Ransomware Goes Mobile – New Android Ransomware Fabricates Notes From FBI

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A new variant of Russian malware tricks mobile users into encrypting their files, then impersonates the FBI to force ransom payments, accusing the user of downloading illegal pornographic content

  • Malware is downloaded and installed via social media and instant messenger apps as a video player application
  • Lucy sends ransom note under guise of FBI, stating that user’s details have been uploaded to the FBI Cyber Crime Department’s Data Center
  • Lucy demands ransom of $500 to be paid via credit card

Researchers at Check Point discovered a new variant of Android malware called Black Rose Lucy. First discovered by Check Point in September 2018, Lucy is a Malware-as-a-Service dropper that originated in Russia, a threat that downloads and installs new threats with ransomware capabilities. When downloaded, the new variant encrypts files on the infected device and displays a ransom note in the browser window that claims an official message from the United States FBI.

The ransom note accuses the victim of possessing pornographic content on their device, stating that the user’s details have been uploaded to the FBI Cyber Crime Department’s Data Center, accompanied by a list of legal offenses that the user is accused of committing.  To make the situation go away, the victim is instructed to pay a $500 USD “fine” via credit card, and not Bitcoin, which is the more typical manner of mobile ransomware payout.

Check Point researchers collected 80 samples of the new Black Rose Lucy variant. The samples acquired disguised themselves as harmless-looking video player applications, leveraging Android’s accessibility service to install their payload without any user interaction, creating an interesting self-protection mechanism.  Lucy exploits an Achilles Heel in Android defences to slip inside Android devices, according to researchers.  Lucy’s order of operations are as follows:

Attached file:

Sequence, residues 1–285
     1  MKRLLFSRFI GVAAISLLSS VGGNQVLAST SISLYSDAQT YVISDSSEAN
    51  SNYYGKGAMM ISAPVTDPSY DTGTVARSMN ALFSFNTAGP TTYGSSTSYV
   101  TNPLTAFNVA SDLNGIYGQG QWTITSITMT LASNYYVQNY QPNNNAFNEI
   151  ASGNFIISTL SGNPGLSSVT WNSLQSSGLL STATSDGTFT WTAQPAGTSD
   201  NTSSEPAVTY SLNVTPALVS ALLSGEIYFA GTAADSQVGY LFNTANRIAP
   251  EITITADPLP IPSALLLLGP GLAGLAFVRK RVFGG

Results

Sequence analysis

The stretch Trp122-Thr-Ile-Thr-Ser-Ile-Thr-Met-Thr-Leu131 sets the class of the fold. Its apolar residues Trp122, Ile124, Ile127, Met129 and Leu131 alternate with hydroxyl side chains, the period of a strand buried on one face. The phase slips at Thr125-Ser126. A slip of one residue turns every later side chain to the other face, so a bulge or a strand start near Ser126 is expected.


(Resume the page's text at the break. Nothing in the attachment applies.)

1. Lucy is downloaded and installed via social media and instant messenger as a video player application.
  2. Lucy tricks the user to allow accessibility service by pretending to enable a bogus service, VSO – video streaming optimizer.
  3. Lucy grants itself administrative privileges by exploiting the Android accessibility service which mimics a user’s screen clicks and can automate user interactions with the device
  4. Lucy encrypts the files on the device, storing the encryption key in the shared preferences.
  5. Lucy displays a ransom note “fine” from the FBI, demanding credit card info to pay it.

After Lucy finishes encrypting the desired files on the device, and performs all the checks to verify that the files were encrypted successfully, Lucy displays a ransom note in the browser window. The ransom note pretends to be an official message from the US FBI and accuses the victim of possessing pornographic content on his device. As a result, all content on the device is encrypted and locked. In addition, the message states that the victim’s details are now uploaded to the FBI Cyber Crime Departments Data Center, accompanied by a list of legal offenses that the victim is accused of committing, and eventually instructing the victim to pay the $500 “fine” by providing credit-card information.

Check Point Manager of Mobile Research, Aviran Hazum said:  “We are seeing an evolution in mobile ransomware:  it’s becoming more sophisticated and efficient.  Threat actors are learning fast, drawing from their experience of past campaigns, and the impersonation of a message from the FBI is a clear scare tactic. Sooner or later, we anticipate the mobile world will experience a major destructive ransomware attack.  It’s a scary but very real possibility, and we urge everyone to think twice before clicking on anything to accept or enable functions while browsing videos on social media.  To stay safe, users should install a security solution on their devices and only use official app stores. And as always, they should keep their device’s OS and apps up to date at all times.”


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